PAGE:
For background about, and a 1910 photo of, the recipient of this postcard see my previous post about my paternal grandmother, Lydia. As noted there, she immigrated from Finland to Canada where she must have worked in some capacity at Crean Hill (now a ghost town). This postcard predates her marriage to my grandfather in Duluth, Minnesota, around 1913. I ran a translation program (a good one: From Language to Language) on the text in the message, but not knowing the Finnish language I'm unsure of individual letters in some of the words. Roughly, though, here's a glimpse into what Lydia's relative (quite possibly a sister) wrote to her from their hometown of Kauhava, Finland:
Jaljin regards from the native country plate with everybody lamme tervenna. Coming with sprouts Jarhainta for a winter wishes luck.
It doesn't get much more international than this vintage postcard proclaiming the Union postale universelle, or the Universal Postal Union. The languages used in the description are Italian, German, French, Finnish, Swedish, and Russian. The stamps appear to be Russian. It was mailed from Finland to Canada to a girl who later crossed the border into the United States, where she became a citizen.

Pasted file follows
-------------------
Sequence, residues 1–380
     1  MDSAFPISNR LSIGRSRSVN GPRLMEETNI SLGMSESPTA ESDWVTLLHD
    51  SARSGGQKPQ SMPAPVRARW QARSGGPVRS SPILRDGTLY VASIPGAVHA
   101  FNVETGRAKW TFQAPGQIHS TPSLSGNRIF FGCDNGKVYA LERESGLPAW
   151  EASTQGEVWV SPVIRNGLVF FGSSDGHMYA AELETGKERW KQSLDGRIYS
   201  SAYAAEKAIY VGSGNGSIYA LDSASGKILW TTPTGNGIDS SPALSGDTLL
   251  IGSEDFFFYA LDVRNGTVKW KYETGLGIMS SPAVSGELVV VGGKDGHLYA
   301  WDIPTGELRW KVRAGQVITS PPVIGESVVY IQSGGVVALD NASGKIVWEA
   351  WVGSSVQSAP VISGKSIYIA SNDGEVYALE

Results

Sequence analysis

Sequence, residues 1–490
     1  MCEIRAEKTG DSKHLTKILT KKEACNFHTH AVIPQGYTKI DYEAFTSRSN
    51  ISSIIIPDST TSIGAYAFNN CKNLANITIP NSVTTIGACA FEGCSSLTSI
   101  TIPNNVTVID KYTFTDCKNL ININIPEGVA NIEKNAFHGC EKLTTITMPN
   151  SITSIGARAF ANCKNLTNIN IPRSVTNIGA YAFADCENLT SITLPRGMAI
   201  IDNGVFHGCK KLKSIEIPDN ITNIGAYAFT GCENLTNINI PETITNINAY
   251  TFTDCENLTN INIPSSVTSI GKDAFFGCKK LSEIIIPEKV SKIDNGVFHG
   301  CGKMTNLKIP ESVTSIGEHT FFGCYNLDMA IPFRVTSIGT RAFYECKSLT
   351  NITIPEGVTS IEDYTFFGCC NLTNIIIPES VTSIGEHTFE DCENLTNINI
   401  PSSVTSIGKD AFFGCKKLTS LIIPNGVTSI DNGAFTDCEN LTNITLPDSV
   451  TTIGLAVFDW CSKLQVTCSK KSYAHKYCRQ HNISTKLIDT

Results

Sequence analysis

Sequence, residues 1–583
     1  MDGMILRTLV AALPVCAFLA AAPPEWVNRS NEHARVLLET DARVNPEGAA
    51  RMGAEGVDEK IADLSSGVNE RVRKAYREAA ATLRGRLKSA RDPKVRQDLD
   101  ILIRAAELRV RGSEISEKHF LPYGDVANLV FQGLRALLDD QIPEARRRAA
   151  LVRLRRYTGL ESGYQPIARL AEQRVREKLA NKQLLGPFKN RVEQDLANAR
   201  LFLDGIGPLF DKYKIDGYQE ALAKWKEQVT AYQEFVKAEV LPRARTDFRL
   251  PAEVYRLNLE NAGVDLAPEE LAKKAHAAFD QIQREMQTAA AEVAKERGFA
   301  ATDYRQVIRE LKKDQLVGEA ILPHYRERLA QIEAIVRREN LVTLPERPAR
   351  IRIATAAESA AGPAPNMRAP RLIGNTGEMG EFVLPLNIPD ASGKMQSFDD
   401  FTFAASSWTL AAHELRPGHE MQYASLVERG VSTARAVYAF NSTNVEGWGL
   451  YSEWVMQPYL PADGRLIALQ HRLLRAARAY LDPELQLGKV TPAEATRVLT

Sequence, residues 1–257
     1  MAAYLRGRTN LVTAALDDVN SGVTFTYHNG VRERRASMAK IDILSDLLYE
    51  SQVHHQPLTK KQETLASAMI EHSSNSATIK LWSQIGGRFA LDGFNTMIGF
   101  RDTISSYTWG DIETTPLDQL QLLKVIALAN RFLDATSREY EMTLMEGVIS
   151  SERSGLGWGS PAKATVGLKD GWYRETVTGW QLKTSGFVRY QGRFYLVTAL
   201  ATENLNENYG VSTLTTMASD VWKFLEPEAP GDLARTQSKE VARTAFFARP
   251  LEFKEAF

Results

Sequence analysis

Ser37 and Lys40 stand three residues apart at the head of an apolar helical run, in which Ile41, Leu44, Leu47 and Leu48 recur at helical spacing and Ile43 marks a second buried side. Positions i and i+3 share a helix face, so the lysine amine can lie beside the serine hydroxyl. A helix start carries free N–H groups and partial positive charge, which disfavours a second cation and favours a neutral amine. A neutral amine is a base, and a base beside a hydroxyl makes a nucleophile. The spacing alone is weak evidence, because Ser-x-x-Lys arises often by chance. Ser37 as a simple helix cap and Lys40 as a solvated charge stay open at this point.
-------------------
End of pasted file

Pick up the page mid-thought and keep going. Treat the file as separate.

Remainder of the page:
I had no idea there was a Universal Postal Union and am absolutely fascinated by what I've found out about this important organization. There's nothing I could tell you or copy to this post that would be nearly as enlightening as simply providing you with the link to the video offered by the UPU. (Unfortunately, there isn't a way to easily embed the video here in my post.)
The Universal Postal Union (click here for official website) was established in Berne, Switzerland in 1874. Below is a photo of the UPU Monument in Berne (1909), which was adopted as the official logo of the organization:
Beautiful, isn't it?